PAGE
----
Cost Analysis on the Large-Scale Implementation of the ‘Helping Babies Breathe’ Newborn Resuscitation Training Program in Tanzania

Presenter: Sumona Chaudhury, Harvard University T.H. Chan School of Public Health

Background: ‘Helping Babies Breathe’ (HBB) has become the gold standard globally for training birth-attendants in neonatal resuscitation in low-resource settings and has been shown to be effective in reducing early neonatal mortality and fresh stillborn rates.

Methodology: We conducted a cost-analysis of the implementation of the HBB training program at scale in Tanzania, based on current implementation costs in the Mbeya Region of Tanzania, by employing a micro-costing, bottom-up approach combining activity-based costing (ABC), an ingredients approach, and budget expense data.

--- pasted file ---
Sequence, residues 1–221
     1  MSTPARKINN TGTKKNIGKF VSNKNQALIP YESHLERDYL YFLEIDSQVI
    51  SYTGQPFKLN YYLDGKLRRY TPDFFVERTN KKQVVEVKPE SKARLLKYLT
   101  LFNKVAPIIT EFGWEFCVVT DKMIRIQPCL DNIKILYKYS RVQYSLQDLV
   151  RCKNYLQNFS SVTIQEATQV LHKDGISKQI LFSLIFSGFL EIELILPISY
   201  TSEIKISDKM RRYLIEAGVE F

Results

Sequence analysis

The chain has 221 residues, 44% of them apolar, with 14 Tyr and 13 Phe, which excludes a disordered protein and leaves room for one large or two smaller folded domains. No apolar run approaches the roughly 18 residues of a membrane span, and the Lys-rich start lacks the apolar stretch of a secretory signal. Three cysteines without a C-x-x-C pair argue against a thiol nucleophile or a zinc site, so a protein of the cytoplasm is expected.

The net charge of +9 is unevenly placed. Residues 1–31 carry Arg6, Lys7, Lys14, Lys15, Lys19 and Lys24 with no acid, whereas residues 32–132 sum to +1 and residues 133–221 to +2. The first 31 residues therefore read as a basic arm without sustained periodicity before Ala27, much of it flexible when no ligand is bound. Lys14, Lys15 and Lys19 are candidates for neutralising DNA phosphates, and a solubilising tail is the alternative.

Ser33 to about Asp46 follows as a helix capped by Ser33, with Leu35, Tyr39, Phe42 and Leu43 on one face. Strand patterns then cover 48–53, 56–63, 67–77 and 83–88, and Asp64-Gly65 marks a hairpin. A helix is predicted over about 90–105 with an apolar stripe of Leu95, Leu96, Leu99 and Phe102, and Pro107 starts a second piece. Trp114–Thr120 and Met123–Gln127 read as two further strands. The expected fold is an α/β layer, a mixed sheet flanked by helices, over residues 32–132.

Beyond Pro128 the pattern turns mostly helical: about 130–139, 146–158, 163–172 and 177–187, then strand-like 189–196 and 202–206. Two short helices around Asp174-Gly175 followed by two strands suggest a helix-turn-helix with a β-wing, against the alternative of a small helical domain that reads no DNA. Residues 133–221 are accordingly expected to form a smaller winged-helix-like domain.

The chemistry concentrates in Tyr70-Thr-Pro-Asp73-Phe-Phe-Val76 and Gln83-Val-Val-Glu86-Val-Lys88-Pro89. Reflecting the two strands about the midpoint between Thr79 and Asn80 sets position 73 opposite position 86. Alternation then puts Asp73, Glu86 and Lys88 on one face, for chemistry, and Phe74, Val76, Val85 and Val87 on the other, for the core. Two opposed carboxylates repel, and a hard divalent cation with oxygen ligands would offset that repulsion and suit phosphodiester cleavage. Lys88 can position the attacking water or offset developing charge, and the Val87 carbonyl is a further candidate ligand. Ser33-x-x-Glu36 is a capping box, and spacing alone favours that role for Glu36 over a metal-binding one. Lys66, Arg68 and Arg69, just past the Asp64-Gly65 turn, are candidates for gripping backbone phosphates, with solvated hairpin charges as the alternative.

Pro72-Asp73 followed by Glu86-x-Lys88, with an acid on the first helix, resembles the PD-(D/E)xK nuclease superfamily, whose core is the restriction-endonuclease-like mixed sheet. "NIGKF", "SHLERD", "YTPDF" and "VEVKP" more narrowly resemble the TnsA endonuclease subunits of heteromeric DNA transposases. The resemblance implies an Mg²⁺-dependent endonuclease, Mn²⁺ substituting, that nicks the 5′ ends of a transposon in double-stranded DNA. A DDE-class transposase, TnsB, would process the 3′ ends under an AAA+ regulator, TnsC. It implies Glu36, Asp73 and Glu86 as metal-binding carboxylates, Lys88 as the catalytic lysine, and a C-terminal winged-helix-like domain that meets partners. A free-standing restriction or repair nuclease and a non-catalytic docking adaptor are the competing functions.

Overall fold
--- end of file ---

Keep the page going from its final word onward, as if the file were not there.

Results: Total costs for the Mbeya Region were $202,237, with the highest proportion due to initial training (45.2%), followed by central program administration (37.2%), and follow-up visits (17.6%). The total economic cost of the HBB program expansion across the 25 regions of mainland Tanzania is projected to be around $4,000,000. Following sensitivity analyses, the estimated total for all Tanzania roll out lies between $2,934,793 and $4,309,595.

Conclusions: HBB implementation is a relatively low-cost intervention with potential for high impact on neonatal mortality in resource-poor settings. It is shown here that nationwide expansion of this program across the range of health provision levels and regions of Tanzania would be feasible. This study provides policy makers and investors with the relevant cost-estimation for national roll out of this critical neonatal life-saving intervention.